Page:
Cai thien chuoi gia tri ca cao indonesia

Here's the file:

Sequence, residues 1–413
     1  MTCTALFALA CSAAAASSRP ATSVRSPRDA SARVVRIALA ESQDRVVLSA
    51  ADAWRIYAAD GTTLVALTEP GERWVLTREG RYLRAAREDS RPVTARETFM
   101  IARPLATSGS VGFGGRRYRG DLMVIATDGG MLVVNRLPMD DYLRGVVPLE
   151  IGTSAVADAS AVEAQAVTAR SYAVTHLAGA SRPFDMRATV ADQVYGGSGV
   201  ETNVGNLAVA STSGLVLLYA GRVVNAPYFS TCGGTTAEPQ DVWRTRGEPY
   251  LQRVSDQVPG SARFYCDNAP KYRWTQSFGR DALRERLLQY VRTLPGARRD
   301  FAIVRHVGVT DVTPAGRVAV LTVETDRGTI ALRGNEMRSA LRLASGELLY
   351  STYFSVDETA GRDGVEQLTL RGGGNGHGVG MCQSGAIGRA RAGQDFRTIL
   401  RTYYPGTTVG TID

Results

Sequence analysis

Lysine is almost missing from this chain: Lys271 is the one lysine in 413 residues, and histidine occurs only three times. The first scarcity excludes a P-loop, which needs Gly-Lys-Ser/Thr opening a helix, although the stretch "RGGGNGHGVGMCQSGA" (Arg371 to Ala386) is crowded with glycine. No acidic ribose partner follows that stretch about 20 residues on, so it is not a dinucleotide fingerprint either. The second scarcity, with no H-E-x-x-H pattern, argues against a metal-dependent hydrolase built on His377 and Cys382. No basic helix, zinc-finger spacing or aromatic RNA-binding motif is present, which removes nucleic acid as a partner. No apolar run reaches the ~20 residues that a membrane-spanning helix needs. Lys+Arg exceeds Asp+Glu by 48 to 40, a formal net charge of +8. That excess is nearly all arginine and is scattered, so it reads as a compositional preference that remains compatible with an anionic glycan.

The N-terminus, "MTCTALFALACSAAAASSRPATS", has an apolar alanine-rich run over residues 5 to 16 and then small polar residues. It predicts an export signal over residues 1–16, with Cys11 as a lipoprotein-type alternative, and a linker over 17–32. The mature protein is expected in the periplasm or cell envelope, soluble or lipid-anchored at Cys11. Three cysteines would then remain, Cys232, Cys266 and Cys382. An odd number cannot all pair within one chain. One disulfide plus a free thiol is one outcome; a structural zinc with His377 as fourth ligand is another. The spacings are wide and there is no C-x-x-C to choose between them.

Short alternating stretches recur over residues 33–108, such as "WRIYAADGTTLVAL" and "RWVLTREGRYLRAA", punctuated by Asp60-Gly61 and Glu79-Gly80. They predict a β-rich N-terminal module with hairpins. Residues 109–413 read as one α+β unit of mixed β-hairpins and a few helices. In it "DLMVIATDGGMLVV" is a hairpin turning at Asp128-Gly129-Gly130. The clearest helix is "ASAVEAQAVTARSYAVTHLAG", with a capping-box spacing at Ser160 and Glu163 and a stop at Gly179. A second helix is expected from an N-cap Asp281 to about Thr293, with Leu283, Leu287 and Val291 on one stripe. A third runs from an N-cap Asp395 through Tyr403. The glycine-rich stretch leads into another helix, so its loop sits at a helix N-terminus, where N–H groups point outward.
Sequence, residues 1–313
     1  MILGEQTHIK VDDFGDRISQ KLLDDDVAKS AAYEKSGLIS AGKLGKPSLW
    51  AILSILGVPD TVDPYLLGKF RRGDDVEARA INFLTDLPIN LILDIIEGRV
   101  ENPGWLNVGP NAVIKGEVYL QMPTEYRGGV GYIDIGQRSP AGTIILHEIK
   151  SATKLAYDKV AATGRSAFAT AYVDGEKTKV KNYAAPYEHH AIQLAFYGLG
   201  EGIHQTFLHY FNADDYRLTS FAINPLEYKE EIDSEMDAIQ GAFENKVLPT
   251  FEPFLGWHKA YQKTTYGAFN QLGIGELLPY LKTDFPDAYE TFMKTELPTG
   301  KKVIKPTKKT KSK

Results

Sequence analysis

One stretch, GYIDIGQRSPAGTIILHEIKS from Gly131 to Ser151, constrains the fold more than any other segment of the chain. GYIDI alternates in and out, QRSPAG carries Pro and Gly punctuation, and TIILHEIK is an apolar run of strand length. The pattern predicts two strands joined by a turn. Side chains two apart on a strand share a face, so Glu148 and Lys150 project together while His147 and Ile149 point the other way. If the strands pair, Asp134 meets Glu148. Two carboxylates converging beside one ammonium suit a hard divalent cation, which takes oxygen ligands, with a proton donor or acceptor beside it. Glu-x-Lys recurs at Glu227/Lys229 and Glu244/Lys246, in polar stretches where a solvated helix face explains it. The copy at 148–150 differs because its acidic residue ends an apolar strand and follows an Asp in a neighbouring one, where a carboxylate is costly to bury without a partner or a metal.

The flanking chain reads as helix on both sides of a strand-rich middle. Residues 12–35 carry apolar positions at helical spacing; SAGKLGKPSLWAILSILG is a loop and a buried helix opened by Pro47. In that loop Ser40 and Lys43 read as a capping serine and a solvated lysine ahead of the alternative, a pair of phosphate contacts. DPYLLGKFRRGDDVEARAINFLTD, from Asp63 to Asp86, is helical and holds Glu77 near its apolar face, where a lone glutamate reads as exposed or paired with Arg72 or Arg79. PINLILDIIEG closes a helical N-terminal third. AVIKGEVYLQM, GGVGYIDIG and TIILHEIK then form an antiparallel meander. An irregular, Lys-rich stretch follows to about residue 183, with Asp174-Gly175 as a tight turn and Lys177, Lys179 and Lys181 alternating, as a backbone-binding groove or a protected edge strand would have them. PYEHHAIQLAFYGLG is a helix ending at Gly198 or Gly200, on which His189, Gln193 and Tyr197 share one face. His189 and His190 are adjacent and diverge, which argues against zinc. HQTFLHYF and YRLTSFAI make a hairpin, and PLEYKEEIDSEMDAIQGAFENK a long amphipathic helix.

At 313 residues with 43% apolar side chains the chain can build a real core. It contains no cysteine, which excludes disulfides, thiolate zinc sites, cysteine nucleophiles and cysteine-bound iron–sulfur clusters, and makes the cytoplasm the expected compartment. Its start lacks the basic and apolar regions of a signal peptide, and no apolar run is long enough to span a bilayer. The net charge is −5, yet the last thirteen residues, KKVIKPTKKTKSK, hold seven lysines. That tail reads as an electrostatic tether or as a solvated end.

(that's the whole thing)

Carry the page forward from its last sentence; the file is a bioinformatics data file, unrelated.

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Proceedings of the International MultiConference of Engineers and Computer Scientists 2015 Vol II, IMECS 2015, March 18 - 20, 2015, Hong Kong Value Chain Improvement for Cocoa Industry in Indonesia by Input-Output Analysis Arinda Soraya Putri, Wahyudi Sutopo, Socia Prihawantara, Ryan Corinus Dato Matheos  Abstract- Cocoa is one of the leading commodity in Indonesia Indonesian cocoa industry is the third largest producer of cocoa beans in the world after Ivory Coast and Ghana Nevertheless, the Indonesian cocoa industry has low competitiveness compared to both countries Cocoa industry resources and industries related to the cocoa industry has not been optimized to support the development of the cocoa industry This article uses the input-output analysis to determine the relationship cocoa industry and other industries as well as providing improvements to enhance the value chain through the sectors supporting the cocoa industry Input-output analysis is a method to determine the amount of inter-industry flows in relation to the level of production in each sector There are some industries that play a role in supporting the national cocoa industry, but there has not been a good value chain to increase cocoa production Value chain improvement in this study aims to analyze the value added between entities to optimize the role of sectors supporting the cocoa industry in accordance with their contribution to the quadrant position input-output analysis and still a bit derivative products are exported in the form of cocoa butter, cocoa powder, cocoa cake and cocoa liquor [2] Although Indonesia has become one of the world’s leading cocoa producer, the country’s competitiveness in the cocoa industry is considerably low Though the cocoa tree has great potential to be processed into derived products that have high added value A wide variety of derivative products with the addition of value added can be seen on the following of the cocoa industry diagram Index Terms—cocoa bean, cocoa industry, input-output analysis, value chain I INTRODUCTION A s one of the country in the world with abundant natural resources and opportunities, Indonesia certainly has the potential to create a good industrial system by developing a variety of existing industrial potentials and connecting the production chain from upstream to downstream industries One of the industry that is potential to be developed in Indonesia is the cocoa processing industry Indonesia is one of the world’s largest producers of cocoa beans and is currently the third largest cocoa beans producer in the world, after Ivory Coast and Ghana [1] Production share of cocoa bean in 2010 of Ivory Coast and Ghana made up 74.9% of the world’s total cocoa bean production, while Indonesia made up 12.2% of the world’s total cocoa bean production Most of the exported products are cocoa beans Arinda Soraya Putri is with the Laboratory of Business and Logistic System, Industrial Engineering Department, Faculty of Engineering, Sebelas Maret University, Indonesia (e-mail: arindasoraya@gmail.com) Wahyudi Sutopo is with Industrial Engineering and Techno Economy Research Group, Industrial Engineering Department, Faculty of Engineering, Sebelas Maret University, Indonesia (corresponding author, email: wahyudisutopo@gmail.com) Socia Prihawantara is with the Agency of Assessment and Application of Technology (BPPT), Indonesia (e-mail: sociapri@gmail.com) Ryan Corinus Dato Matheos is with the Agency of Assessment and Application of Technology (BPPT), Indonesia (e-mail: ryan.matheos@bppt.go.id) ISBN: 978-988-19253-9-8 ISSN: 2078-0958 (Print); ISSN: 2078-0966 (Online) Figure Cocoa Industry Diagram Cocoa bean production in Indonesia is very abundant, but a few years fluctuated increase and decrease due to various factors, such as weather conditions, soil conditions, and the age old plants [3] However cocoa industry in Indonesia has not been able to utilize the initial output of cocoa products to input cocoa processing industry which has high added value Cocoa is one of the leading commodity owned by Indonesia Nationally, cocoa produces the third largest foreign exchange earner after oil palm and rubber Net of cocoa in 2009 reached USD 1.38 billion (derived from cocoa beans and processed) Processed cocoa beans produce IMECS 2015 Proceedings of the International MultiConference of Engineers and Computer Scientists 2015 Vol II, IMECS 2015, March 18 - 20, 2015, Hong Kong cocoa butter (cocoa butter) and cocoa powder (cocoa powder) that is needed by the people of the world, especially in America and Europe, where demand for cocoa reached 2.5 million tons per year Indonesia targets in 2025 is capable of producing 2.5 million tons of cocoa beans with an export value of USD 6.25 billion [4] According to data from ICCO (International Cocoa Organization) world cocoa demand continues to grow around 2-4 percent per year, even in the last years to grow percent per year (3.5 million tons/year) China and India with a large population into the market potential of Indonesian cocoa The hypothesis of the study is the relationship between the entities in the Indonesian cocoa industry is still so low that less relevant sectors to support the development of the national cocoa industry In addition, value added among entities is still low Indonesian cocoa products are exported in the form of cocoa beans reached 80%, while the rest is processed in the country Indonesia also imported cocoa in the form of cocoa beans, cocoa powder, cocoa liquor, cacao cake, and cocoa butter [2] There has been no research on the cocoa industry with input-output analysis, whereas the input-output analysis can be used to enhance the economic competitiveness of a country or region Therefore, the inputoutput analysis (I/O analysis) is needed to identify the competitiveness of Indonesian cocoa industry The following figure is a schematic representation of the global cocoa-chocolate value chain as identified by the research Figure Cocoa Industry Value Chain ISBN: 978-988-19253-9-8 ISSN: 2078-0958 (Print); ISSN: 2078-0966 (Online) A value chain is the full array of tangible and intangible value-adding activities that are performed to bring a product from conception to eventually its end-of-life, and sometimes beyond [5] In the cocoa industry value chain of figure 2, we described it based on some previous results, i.e cocoa value chain from farmer to consumer [16], cocoa value chain review [17], evaluating opportunities for enhancing Mondelēz' sourcing strategies to ensure the sustainability of its cocoa supply [18], small-scale producers in the development of cocoa value-chain partnerships [19], cocoa and coffee value chains in west and central Africa [20], Indonesia cocoa bean value chain case study [21], and a holistic feasibility study framework to determine valuable chain in palm oil Industry [22] Cocoa industry value chain beginning from farmers grow cocoa trees on small farms in tropical environments, within 15-20 degrees north and south of the equator Cocoa is a delicate and sensitive crop, and farmers must protect the trees from the wind and sun They must also fertilize the soil and watch for signs of distress, including attack from pests and disease With proper care, most cocoa trees begin to yield pods at peak production levels by the fifth year, which can continue for another 10 years [15] The growing season in the tropics is continuous Ripe pods may be found on cocoa trees at any time, however, most countries have two periods of time per year of peak production A farmer can expect 20-50 beans per pod, depending on the variety of cocoa [15] Once the beans have been removed from the pods, the farmer packs them into boxes or heaps them into piles The piles are covered with mats or banana leaves The layer of pulp that naturally surrounds the beans heats up and ferments the beans Fermentation is an important step, lasting three to seven days, that produces the chocolate flavor we know when the beans are roasted The beans are then dried In the sunlight, this usually takes several days After the beans are dried and packed into sacks, the farmer sells to a buying station or local agent The buyer then transports the bags to an exporting company The exporting company inspects the cocoa and places it into burlap, sisal, or plastic bags The cocoa is trucked to the exporter’s warehouse near a port The exporting company finalizes the time and place of shipment and the beans are loaded onto ships Once the ship reaches its destination, the cocoa is removed from the hold and taken to a pier warehouse Cocoa is stored in bags or bulk in the warehouse The buyer will conduct a quality check to accept delivery and cocoa is usually stored until requested by the processor or manufacturer Trucks or trains carry the cocoa in large tote bags or loose in the trailer to the manufacturer’s facility on a “just-in-time” basis The beans are first thoroughly inspected and cleaned The inside of the cocoa bean is called the nib Depending on preferences, beans can be roasted with the shell intact, or the nib can be roasted alone Once the beans have been shelled and roasted (or roasted and shelled), the nib is ground into a paste The heat generated by this process causes the cocoa butter in the nib to melt and creates “cocoa liquor.” To make chocolate, cocoa liquor is mixed with cocoa IMECS 2015 Proceedings of the International MultiConference of Engineers and Computer Scientists 2015 Vol II, IMECS 2015, March 18 - 20, 2015, Hong Kong butter, sugar and in some cases, milk The mixture is then placed into conches—large agitators that stir and smooth the mixture under heat As a rule, the longer chocolate is conched, the smoother it will be Conching may last for a few hours to three full days, or even longer After conching, the liquid chocolate may be shipped in tanks or tempered and poured into moulds for sale in blocks to confectioners, dairies, or bakers The cocoa, chocolate, and confectionery industry employ hundreds of thousands of people around the world and is a key user of other agricultural commodities such as sugar, dairy products, nuts, and fruits II LITERATURE REVIEW There are many studies related to cocoa production are constantly being developed, for examples biodiversity conservation in cocoa production landscapes [6], the major constraints of cocoa production [7], improvement of cocoa production on small farms [8], restructuring processes in the cocoa sectors of the major producer countries [9], and environmental impacts of cocoa production and processing [10] Research conducted in many countries in the world's largest cocoa producer Most aim to improve the productivity of cocoa plantations However, few studies discussing the cocoa industry competitiveness There are supply chain to enhance the competitiveness [11], the competitiveness of cocoa production systems [12], and the impact of structural adjustment and adoption of technology on competitiveness [13] Research on the competitiveness of Indonesian cocoa industry is needed to boost the national economy Research with an input-output analysis tool is still lacking in agriculture, especially cocoa III METHOD AND MODELING SYSTEM To improve competitiveness and increase the value chain between entities cocoa industry in Indonesia, conducted value chain analysis to determine the value added between entities and input-output analysis to determine the forward linkage and backward linkage cocoa industry and related industries, distribution of final demand cocoa sector; and distribution of gross value added cocoa industry sectors that affect the competitiveness of the cocoa industry Value Chain Analysis Cocoa Industry in Indonesia Input-Output Analysis Value chain improvement Improve competitiveness Recommendations for the stakeholders Determine forward linkage and backward linkage Distribution of final demand cocoa sector Distribution of gross value added cocoa industry sector Figure Methodology Input-output analysis using input-output tables as a descriptive framework to express the relationship between industries and sectors and between inputs and outputs and measure the effect of changes in final demand for a sector of the production of all sectors in the economy ISBN: 978-988-19253-9-8 ISSN: 2078-0958 (Print); ISSN: 2078-0966 (Online) Input-output is a statistical description in the form of a matrix of rows and columns that describe the transaction of goods and services as well as the relationship between a sector with other sectors The dependence of a given sector to another sector is determined by the inputs used in the production process and the amount of output allocated to meet the demand for intermediate and final demand Thus the development of a sector cannot be achieved if it is not supported by other sectors As a statistical description relating to input and output sectors of the economy, input-output can give an idea of the structure of the economy that includes input structure, the structure of output and value added, the structure of the supply of goods and services, demand, exports, and imports from each sector TABLE I GENERAL FRAMEWORK INPUT-OUTPUT TABLE I II (n x n) (n x m) Transactions between Final demand and imports sectors/activities III IV (p x n) (p x m) Primary input General framework consists of IO Table quadrants, namely: Quadrant I: shows the flow of goods and services produced and used by economic sectors in the production process Transactions that occur in quadrant I, better known as a transaction between (intermediate transactions) Quadrant II: shows the final demand and imports, as well as describe the provision of goods and services Final demand consists of household consumption, government consumption, gross fixed capital formation, changes in stocks, and export Quadrant III: shows the primary input production sectors in the form of wages/salaries, operating surplus, depreciation, and net indirect taxes Quadrant IV: shows the primary inputs are directly distributed to final demand sectors This information is used in the system of socio-economic balance (SAM) In the preparation of this quadrant IO tables are not presented Each quadrant is over expressed in a matrix form Quadrant size n x n matrix indicates the number of sectors are calculated according to the sector classification by taking into account economic activity are considered potential in regions/areas Input-output national cocoa industry in 2011 using size 19 x 19 sectors, resulting in quadrant I, consisting of 19 rows and 19 columns Determining the sectors related to the cocoa industry conducted by experts TABLE II RELATED INDUSTRIES IN THE INPUT-OUTPUT COCOA INDUSTRY I-O Code Sectors 22 Cocoa 40 Agricultural Services 64 Ice Cream Industry 84 Chocolate and Candy 92 Cakes Industry 95 Concentrated Animal Feed Industry 122 Single Primary Macro Nutrients Artificial Fertilizer Industry IMECS 2015 Proceedings of the International MultiConference of Engineers and Computer Scientists 2015 Vol II, IMECS 2015, March 18 - 20, 2015, Hong Kong 129 Pesticide 129 Pesticide 1,623 133 Pharmaceutical Industry 133 Pharmaceutical Industry 1,458 198 Agricultural Infrastructure 198 Agricultural Infrastructure 0,105 199 Roads, Bridges and Ports 199 Roads, Bridges and Ports 0,132 229 Other Trade Services 229 Other Trade Services 1,010 230 Restaurant Services 230 Restaurant Services 0,498 231 Hospitality Services 231 Hospitality Services 0,753 233 Road Transport Services 233 Road Transport Services 1,054 257 Bank 257 Bank 1,403 258 Other Financial Institutions 258 Other Financial Institutions 1,873 271 278 Research and Development of Technology and Engineering Science (Private) Research and Development of Technology and Engineering Science (Government) 271 278 IV RESULT AND ANALYSIS Based on figure and table 2, can be related to the industry classification to the cocoa industry in every stage of the value chain cocoa industry In the stage production that includes crop/cultivate, harvest, ferment and dry, related industries are cocoa, agricultural services, concentrated animal feed industry, single primary macro nutrients artificial fertilizer industry, pesticide, and agricultural infrastructure At stage of warehousing (which includes storage, transport and storage), related industries are roads, bridges and ports, and road transport services At the stage of marketing (which includes buying and trading) and distribution, related industries are roads, bridges and ports and other trade services, road transport services Research and development of technology and engineering science (private and government) to act on the stage of production, processing, and chocolate manufacturing At the stage of chocolate manufacturing and the customer, industry involved is ice cream industry, chocolate and candy, cakes industry, pharmaceutical industry, restaurant services, and hospitality services Banks and other financial institutions relating to all stages of the value chain of cocoa industry Degree of sensitivity index is a quantity that describes the impact that occurs on the output of a sector as a result of changes in final demand in each sector of the economy that performed the analysis Because of this magnitude to explain the formation of the output in a sector that is affected by the final demand of each sector of the economy, then this measure is useful to see how the forward (forward linkage) between sectors of the economy [14] TABLE III DEGREE OF SENSITIVITY INDEX COCOA INDUSTRY AND RELATED SECTORS OF COCOA I-O Degree of Sectors Code Sensitivity Index 22 Cocoa 0,283 40 Agricultural Services 2,042 64 Ice Cream Industry 0,282 84 Chocolate and Candy 0,290 92 Cakes Industry 0,115 95 Concentrated Animal Feed Industry 1,915 122 Single Primary Macro Nutrients Artificial Fertilizer Industry 1,825 ISBN: 978-988-19253-9-8 ISSN: 2078-0958 (Print); ISSN: 2078-0966 (Online) Research and Development of Technology and Engineering Science (Private) Research and Development of Technology and Engineering Science (Government) 1,688 0,100 If the calculated average value of the value of the degree of sensitivity index in table III, then the value will be an average of 0.98 From table III it can be seen that the value of the degree of sensitivity index of the cocoa industry sector is under the average of 0.98 In this case, it is known that cocoa industry sector is not a domestic-oriented industries because it has a degree of sensitivity index values below the average That is, the cocoa industry sector is more to sell its output to meet the needs of final demand (e.g cocoa beans are available in the country directly exported abroad without any further processing to obtain value-added) Thus it can be said that the cocoa industry sector has a weak forward linkages to other sectors in the national economy Power of dispersion index is a quantity that indicates the impact that occurs on the output of a sector as a result of changes in final demand of a sector of the economy of the entire output of the economic sector in a region or country This index is a measure of the spread is to look backward linkages economic sectors in a region or country [14] TABLE IV POWER OF DISPERSION INDEX COCOA INDUSTRY AND RELATED SECTORS OF COCOA I-O Power of Sectors Code Dispersion Index 22 Cocoa 0,420 40 Agricultural Services 0,449 64 Ice Cream Industry 1,556 84 Chocolate and Candy 1,324 92 Cakes Industry 1,618 95 Concentrated Animal Feed Industry 1,603 122 Single Primary Macro Nutrients Artificial Fertilizer Industry 0,893 129 Pesticide 1,271 133 Pharmaceutical Industry 1,423 198 Agricultural Infrastructure 1,293 199 Roads, Bridges and Ports 1,292 229 Other Trade Services 0,803 230 Restaurant Services 1,351 231 Hospitality Services 0,927 233 Road Transport Services 1,270 257 Bank 0,830 IMECS 2015 Proceedings of the International MultiConference of Engineers and Computer Scientists 2015 Vol II, IMECS 2015, March 18 - 20, 2015, Hong Kong 258 271 278 Other Financial Institutions Research and Development of Technology and Engineering Science (Private) Research and Development of Technology and Engineering Science (Government) 0,828 0,948 1,233 If the calculated average value of the power of dispersion index in table IV, it will obtain an average value of 1.13 From table IV it can be seen that the cocoa industry sector is not a sector of the domestic industry based on the input side because it has an power of dispersion index is less than one or less than the average value of the scatter index That is, the cocoa industry sector is less use of intermediate inputs from domestic production In the other words, the cocoa industry sector more use imported inputs (e.g high-tech machines for processing cocoa imported from abroad because some processing machines are not fully produced in the country) So, it can be said that the cocoa industry sector has a weak backward linkage to other sectors in the national economy In the case of forward linkage, it is known that the cocoa industry sector is not a domestic-oriented industries because more sells its output in the form of exports abroad This is indicated by the degree of sensitivity index value smaller than the average value of the degree of sensitivity index Thus, it can be said that the cocoa industry sector has a weak forward linkages to other sectors in the economy In the case of backward linkages, it is known that the cocoa industry sector is not a domestic input-based industrial sector because it has an average value of the power of dispersion index is smaller than the average value of the power of dispersion index Thus, it can be said that the cocoa industry sector has a value of weak backward linkages to other sectors in the economy Figure Inter-Sector Linkage Diagram and Related Cocoa Industry Based on the data processing input-output table is obtained distribution related industries cocoa Chart linkages between sectors of the economy showing the position of each sector of the economy associated with the degree of sensitivity index and the power of dispersion index The usefulness of this chart is to find a strong and/or weak linkages between sectors of the economy so that it can be done the preparation of an economic development strategy for a region or country To see the position of the cocoa industry sector position in ISBN: 978-988-19253-9-8 ISSN: 2078-0958 (Print); ISSN: 2078-0966 (Online) relation to other industrial sectors, use the chart/diagram quadrants linkages between sectors are processed from the power of dispersion index and the degree of sensitivity index [14] Based on the picture can be seen that the cocoa industry sector is in Quadrant IV That is, the cocoa industry sector is underdeveloped industrial sector in Indonesia because it has power of dispersion index and degree of sensitivity index indices are weak In other words, the Indonesian cocoa industry sector is underdeveloped industrial sector, both in terms of the input and output side Agricultural services sector plays an important role for human resources contained, it can act as a liaison/ intermediary between the upstream and downstream sides of cocoa, i.e between farmers and producers/manufacturers of technology that can improve the quality of cocoa cultivation required by the industry For example, the use of agricultural extension workers can make the delivery of information about the use of fertilizer produced SRF national research institutions to farmers will be able to increase the use of fertilizers SRF and desired quality of the cocoa beans processing industry Sector banks and financial services sector plays an important role because these sectors can create schemes/financing mechanisms and financing legal and appropriate, in accordance with the needs of farmers and the industry in the development process and the cultivation of the national cocoa industry Sector research and development of science and engineering technology (both private and government) also plays an important role in the creation of innovative products needed cocoa sector To be able to produce innovative products needed interaction/cooperation between actors in the field of continuous research and development of science and engineering technology, namely academia, government research institutes and private research institutions in an innovation system framework Thus, it is expected to occur and continuous cooperation is able to improve the competitiveness of the national cocoa industry through the creation of innovative products needed national cocoa industry In terms of output, it is known that the output of the cocoa sector more distributed to meet the needs of final demand Things that need to be explored further is wherever the cocoa output distributed to meet final demand and on what components of the cocoa sector more distributed For it is worth exploring further IO table used in the distribution of final demand cocoa sector The following table shows the value distribution of the final demand cocoa sector TABLE V DISTRIBUTION OF FINAL DEMAND COCOA SECTOR Distribution of Final Demand Cocoa Sector Value Distribution Consumption 0.027 Government Spending Gross Fixed Capital Formation 0.003 Change in Stock 0.0116 Export 0.819 The small size of the output distribution for the cocoa industry sector gross fixed capital formation that is the one of the causes of the weakness of the cocoa industry sectors to improve competitiveness In conjunction with the output distribution, the next question is where the primary input distribution or IMECS 2015 Proceedings of the International MultiConference of Engineers and Computer Scientists 2015 Vol II, IMECS 2015, March 18 - 20, 2015, Hong Kong commonly known as gross value added In order to determine the distribution of the primary input, needs to be more data on the IO table below TABLE VI DISTRIBUTION OF GROSS VALUE ADDED COCOA INDUSTRY SECTOR Distribution of Gross Value Added Value Distribution Wages and Salaries 0.146 Surplus Business 0.642 Shrinkage 0.003 Indirect tax 0.005 Subsidy From the table it can be seen that the distribution of primary inputs or commonly known as Gross Value Added has been enjoyed by employers as operating surplus by 81% As for the acquisition of operating surplus is largely in the form exports of cocoa beans that have not been processed further The second largest portion of gross value added enjoyed by workers in the form of wages and salaries, which amounted to 18% The remaining 1% enjoyed by the government in the form of indirect tax revenue Industry, 2007 [3] G Gereffi and K Fernandez-Stark, Global Value Chain Analysis: A Primer, Durham: Center on Globalization, Governance & Competitiveness (CGGC) Duke University, 2011 [4] World Cocoa Foundation, "World Cocoa Foundation," 2014 [Online] Available: http://worldcocoafoundation.org/aboutcocoa/cocoa-value-chain/ [Accessed 15 November 2014] [5] International Cocoa Organization, ICCO Quarterly Bulletin of Cocoa Statistics, vol XL, London: International Cocoa Organization, 2014 [6] E M Bloomfield and R A Lass, "Impact of Structural Adjustment and Adoption of Technology on Competitiveness of Major Cocoa Producing Countries," OECD Development Centre Working Papers, p 69, 1992 [7] M Blowfield, "Ethical Supply Chains in the Cocoa, Coffee and Tea Industries," Greener Management International, vol 43, pp 15-24, 2004 [8] M Franzen and M B Mulder, "Ecological, Economic and Social Perspectives on Cocoa Production Worldwide," Biodiversity and Conservation, vol XVI, no 13, pp 3835-3849, 2007 [9] N Fold, "Restructuring of the European Chocolate Industry and Its Impact on Cocoa Production in West Africa," Journal of Economic Geography, vol I, pp 405-420, 2001 [10] L Neptune and A Jacque, "Competitiveness of Cocoa Production Systems in Trinidad and Tobago," in Proceeding of the 26th West Indies Agricultural Economics Conference (Caribbean AgroEconomics Society) in Collaboration with the 42nd Caribbean Food Crops Society Meeting, Puerto Rico, 2007 [11] A Ntiamoaha and G Afrane, "Environmental Impacts of Cocoa Production and Processing in Ghana: Life Cycle Assessment Approach," Journal of Cleaner Production, vol XVI, no 16, p 1735–1740, 2008 [12] G Schroth and C A Harvey, "Biodiversity Conservation in Cocoa Production Landscapes: An Overview," Biodiversity and Conservation, vol XVI, no 8, pp 2237-2244, 2007 [13] Coordinating Ministry of Economic Affairs, Master Plan for the Acceleration and Expansion of Indonesian Economic Development 2011-2025, Jakarta: Coordinating Ministry for Economic Affairs, 2011 [14] R A Lass and W G A R., Cocoa Production: Present Constraints and Priorities for Research, vol I, Washington: World Bank, 2002, p 95 [15] P N Rasmussen, Studies in Inter-Sectoral Relations, Amsterdam: North-Holland Publishing Company, 1985 [16] World Cocoa Foundation, "Cocoa Value Chain: From Farmer to Consumer," [Online] Available: http://www.worldcocoafoundation.org/about-cocoa/cocoa-valuechain/ [Accessed 16 November 2014] [17] Pacific Agribusiness Research & Development Initiative, Cocoa Value Chain Review, South Australia: the Univercity of Adelaide, 2012 [18] C Healy and J Ng, "Evaluating Opportunities for Enhancing Mondelēz’ Sourcing Strategies to Ensure Sustainability of Its Cocoa Supply," 2014 [Online] Available: http://www.dukespace.lib.duke.edu/dspace/handle/10161/8596 [Accessed 10 November 2014] [19] International Fund for Agricultural Development, "Small-Scale Producers in the Development of Cocoa Value-Chain Partnerships," International Fund for Agricultural Development, Rome, 2014 [20] D Traoré, Cocoa and Coffee Value Chains in West and Central Africa: Constraints and Options for Revenue-Raising Diversification, Rome: Food and Agriculture Organization of the United Nations, 2009 [21] H Panlibuton and F Lusby, "Indonesia Cocoa Bean Value Chain Case Study," the United States Agency for International Development, Washington, DC, 2006 [22] D I Maryanie, W Sutopo and Yuniaristanto, "A Holistic Feasibility Study Framework to Determine Valuable Chain in Palm Oil Industry," in the World Congress on Engineering 2013, London, 2013 V CONCLUSION We propose that the cocoa industry has added value among entities is still low, indicated by inter-sector linkage diagram It can be said that cocoa industry sector in Indonesia is weak or underdeveloped and dependent on conditions national economy Things to was increase the cocoa derivative products in the form of cocoa paste, cocoa butter, cocoa powder, cocoa cake and cocoa liquor at the stage of processing It can provide value added between industrial entities Also, it can be an increase in the use of cocoa products for domestic production in ice cream industry, chocolate and candy industry, cakes industry, pharmaceutical industry, restaurant services, and hospitality services Cocoa output should distributed to meet the demand end of the consumption component This is a significant effect on improving competitiveness caused by the added value given to domestic consumption The distribution of primary inputs or commonly known as gross value added, more distributed on operating surplus, mostly in the form of exports of cocoa beans that have not been processed further so that value added is low Future research is needed to study the appropriate policy to leverage the resources related industries in order to increase the value added between industry entities In addition, needed to study about the sustainability of the national cocoa industry sector by considering the investment credit mechanism and policy research budget in favor of the development of the cocoa sector ACKNOWLEDGEMENT This work is supported by Research Group of Industrial Engineering and Techno–Economics, Department of Industrial Engineering, Sebelas Maret University REFERENCES [1] International Cocoa Organization, "Annual Report 2011/2012," International Cocoa Organization, London, 2013 [2] Ministry of Industry, Overview Cocoa Industry, Jakarta: Ministry of ISBN: 978-988-19253-9-8 ISSN: 2078-0958 (Print); ISSN: 2078-0966 (Online) IMECS 2015 ... cocoa powder, cocoa liquor, cacao cake, and cocoa butter [2] There has been no research on the cocoa industry with input-output analysis, whereas the input-output analysis can be used to enhance the... Each quadrant is over expressed in a matrix form Quadrant size n x n matrix indicates the number of sectors are calculated according to the sector classification by taking into account economic... [18], small-scale producers in the development of cocoa value-chain partnerships [19], cocoa and coffee value chains in west and central Africa [20], Indonesia cocoa bean value chain case study